Consider something purple displayed on your monitor. It looks purple, the color is vibrant and clear. However if you take that monitor apart and examine it down to the smallest components you will never find a purple pixel. The only pixels you will find will be Red, Blue, and Green. Where does that purple come from?
Now if you know anything about monitors, or color theory, or light, you already know the answer to my rhetorical question. Red light plus Blue light will create purple light. If both Red and Blue pixels light, then their combined color will be purple, that much is simple and straightforward.
Now for an analogy, think of genes as pixels. Each gene does its one thing; code for mRNA from which a protein is created. There are a lot more different genes then there are pixels. For full color you only need 3 pixels, but humans have an estimated 20,000 to 25,000 genes, so a directly analogy, like all analogies, can only go so far but stay with me here.
Like pixels genes are either on or they are off, and they are not always on to full intensity. Just as a pixel can be dim or bright a gene can express, that is produce, either a little product or a lot.
Most of the genes in your cells are actually switched off Livers cell have no need to produce proteins for muscles and the same if true for nerve cells acting like skin cell and so on. Critical to life and everything that it entails is proper gene expression. Just as there is circuitry that controls the pixels, switching them on, off, dim or bright, there is a control system doing the same for genes and that is epigenetics. It is the system outside of your inherited genes that controls when and how your genes express.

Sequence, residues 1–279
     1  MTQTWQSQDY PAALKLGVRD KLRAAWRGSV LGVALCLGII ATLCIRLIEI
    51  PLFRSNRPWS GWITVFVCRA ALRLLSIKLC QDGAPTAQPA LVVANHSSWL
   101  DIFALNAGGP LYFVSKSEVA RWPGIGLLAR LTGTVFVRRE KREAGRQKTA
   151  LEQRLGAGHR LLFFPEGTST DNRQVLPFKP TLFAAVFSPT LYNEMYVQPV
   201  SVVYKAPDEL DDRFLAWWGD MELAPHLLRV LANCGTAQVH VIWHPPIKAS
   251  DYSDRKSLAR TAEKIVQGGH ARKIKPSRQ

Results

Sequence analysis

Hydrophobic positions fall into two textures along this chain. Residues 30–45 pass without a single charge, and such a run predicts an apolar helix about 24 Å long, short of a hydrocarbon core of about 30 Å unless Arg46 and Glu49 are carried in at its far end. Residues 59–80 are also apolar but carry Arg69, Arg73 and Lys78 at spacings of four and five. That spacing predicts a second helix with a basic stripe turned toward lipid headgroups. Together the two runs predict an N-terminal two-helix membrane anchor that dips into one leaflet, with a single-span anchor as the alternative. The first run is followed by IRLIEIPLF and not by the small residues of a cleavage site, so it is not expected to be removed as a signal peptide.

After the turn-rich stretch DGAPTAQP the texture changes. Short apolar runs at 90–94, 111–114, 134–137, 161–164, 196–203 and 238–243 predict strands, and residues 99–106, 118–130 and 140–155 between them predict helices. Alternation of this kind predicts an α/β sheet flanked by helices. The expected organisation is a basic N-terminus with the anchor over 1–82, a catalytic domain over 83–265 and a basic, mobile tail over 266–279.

There is a growing body of evidence that epigenetic traits are inheritable and may be responsible for a wide range of things never before suspected, including sexual orientation.
This would explain the paradox of twins. Identical twins can and do vary in sexual orientation eve though they have identical genes. Some have tried to use the twins data to argue that orientation is then not inherent but somehow chosen. However your epigenetic settings are not under your control and many of them are determined during gestation. And even identical twins in the same womb do not have identical experiences in gestation. The search for a ‘homosexual gene’ is misguided both due to excessive binary thinking, people are not either simply gay or straight, and it’s a quest to find a non-existent purple pixel. All sexually reproductive species will need to have a sexual response mechanism. It is likely that the form of the response, activated by maturity, is a result of gene expression over a number of genes. I suspect the same may be true of gender identity.
Any species with sexual reproduction and sexual dimorphism is going to have some form on internal gender identity and if that is a result of gene expression that variation in expression may result in variation in internal gender identification.
Your phenotype may be male but if your pixels light up for female that may be your self-identified gender.
This gets very science-fictional when you consider that the epigenetic controls look to be hackable. In mice we have already changed the epigenetic settings and changed behavior.
What if we unlocked such keys and controls in humans? Is it ethical for parents to modify a child’s orientation or gender identity? If it is ethical for a person to under go treatments that alter the phenotype to match and internal model is it also ethical to allow that person to alter the internal model to match the phenotype?
I am not proposing answers. These are big big questions, but they are questions we may very be faced with sooner than we think.